Coincidence? The first Earth Day in 1970 on Vladimir Lenin’s 100th birthday?

Before Babalu, American Thinker and websites, I used to write “letters to the editor” in our local newspapers.  It was our only option.

In 1990, I wrote a letter addressing the coincidence that Earth Day 1970 was created on the 100th anniversary of Lenin’s birthday.


It was published in The Dallas Times Herald, a newspaper no longer around.   In other words, I can not link to the letter but can share the content here.

My letter addressed a couple of points:

First, the environmental movement had become a refuge for the left, specially in 1990 following the collapse of the Soviet empire; and,

Two, it was ironically the cities of communist states in Eastern Europe, Cuba and the old USSR with the worst pollution problems in the world.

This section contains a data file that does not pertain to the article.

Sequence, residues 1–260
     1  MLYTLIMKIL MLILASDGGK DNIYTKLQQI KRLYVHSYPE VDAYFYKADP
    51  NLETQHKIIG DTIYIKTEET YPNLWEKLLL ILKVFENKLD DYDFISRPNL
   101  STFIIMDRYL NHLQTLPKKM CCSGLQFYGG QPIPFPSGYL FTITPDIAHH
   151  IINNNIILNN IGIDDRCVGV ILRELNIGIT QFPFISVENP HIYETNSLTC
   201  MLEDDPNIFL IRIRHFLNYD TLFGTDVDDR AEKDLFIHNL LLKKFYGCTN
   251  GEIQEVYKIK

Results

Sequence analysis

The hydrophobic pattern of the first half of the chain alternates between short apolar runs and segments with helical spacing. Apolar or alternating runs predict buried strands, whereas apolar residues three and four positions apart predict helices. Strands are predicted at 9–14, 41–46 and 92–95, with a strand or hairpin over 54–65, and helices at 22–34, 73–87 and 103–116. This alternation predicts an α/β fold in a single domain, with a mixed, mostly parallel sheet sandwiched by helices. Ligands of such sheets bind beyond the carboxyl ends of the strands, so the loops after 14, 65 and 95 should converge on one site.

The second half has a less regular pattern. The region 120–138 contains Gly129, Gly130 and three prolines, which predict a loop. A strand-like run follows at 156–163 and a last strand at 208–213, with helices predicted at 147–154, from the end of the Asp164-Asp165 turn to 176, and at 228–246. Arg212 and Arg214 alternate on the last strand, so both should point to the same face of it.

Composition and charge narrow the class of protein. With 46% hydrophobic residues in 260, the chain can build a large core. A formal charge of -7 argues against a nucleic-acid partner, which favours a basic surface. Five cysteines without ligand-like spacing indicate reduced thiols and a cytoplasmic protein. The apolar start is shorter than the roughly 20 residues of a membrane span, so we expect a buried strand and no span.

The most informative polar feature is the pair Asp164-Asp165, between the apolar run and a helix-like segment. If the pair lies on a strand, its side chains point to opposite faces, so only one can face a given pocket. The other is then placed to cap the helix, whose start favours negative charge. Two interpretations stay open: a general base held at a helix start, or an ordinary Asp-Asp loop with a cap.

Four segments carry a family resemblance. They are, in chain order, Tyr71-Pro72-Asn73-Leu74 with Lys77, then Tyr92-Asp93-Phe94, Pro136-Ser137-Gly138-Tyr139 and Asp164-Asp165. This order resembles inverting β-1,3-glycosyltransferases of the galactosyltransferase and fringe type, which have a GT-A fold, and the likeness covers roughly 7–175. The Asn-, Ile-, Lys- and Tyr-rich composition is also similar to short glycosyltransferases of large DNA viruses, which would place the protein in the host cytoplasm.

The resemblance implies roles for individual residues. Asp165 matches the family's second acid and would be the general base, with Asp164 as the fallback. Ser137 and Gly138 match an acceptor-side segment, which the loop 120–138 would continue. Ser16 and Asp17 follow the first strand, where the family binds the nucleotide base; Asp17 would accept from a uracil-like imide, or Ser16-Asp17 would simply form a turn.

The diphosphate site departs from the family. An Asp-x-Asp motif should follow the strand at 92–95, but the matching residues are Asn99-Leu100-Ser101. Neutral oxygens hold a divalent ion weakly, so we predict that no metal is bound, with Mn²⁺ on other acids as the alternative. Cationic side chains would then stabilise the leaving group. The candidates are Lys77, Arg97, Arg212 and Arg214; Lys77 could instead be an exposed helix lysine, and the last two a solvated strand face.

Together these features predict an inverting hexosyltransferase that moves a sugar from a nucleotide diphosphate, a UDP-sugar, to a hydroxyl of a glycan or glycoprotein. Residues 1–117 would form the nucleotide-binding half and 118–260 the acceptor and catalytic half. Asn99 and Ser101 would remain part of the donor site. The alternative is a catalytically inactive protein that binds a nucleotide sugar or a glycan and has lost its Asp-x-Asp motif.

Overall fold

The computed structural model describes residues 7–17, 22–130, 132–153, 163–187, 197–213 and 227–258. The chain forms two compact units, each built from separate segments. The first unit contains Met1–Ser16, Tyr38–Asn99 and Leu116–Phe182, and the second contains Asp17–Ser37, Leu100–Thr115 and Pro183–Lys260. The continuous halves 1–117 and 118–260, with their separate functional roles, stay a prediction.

In fact, The New York Times wrote this in 1990:

While efforts to restore clean air to the United States have met with partial success, there is a far greater ecological disaster brewing in Eastern Europe, a report on worldwide air pollution said today.

The report, issued by the Worldwatch Institute, a Washington-based environmental group, warned that gains in the West are quickly being negated by the unrestricted burning of high-sulfur brown coal and diesel fuel that is blackening cities across Eastern Europe and the Soviet Union.

My letter argued that the communist world was polluted because of a lack of property rights as well as the absence of freedom or the rule of law.

It’s no coincidence that democratic states, like the US or Western Europe, are more sensitive to pollution or dirty rivers.  In general, elected representatives are more sensitive to the air that their constituents breathe or the water that they drink.

So is it a coincidence that Earth Day and Lenin’s birthday are on the same day?   I doubt the coincidence given the anti-capitalism tone coming from the movement.

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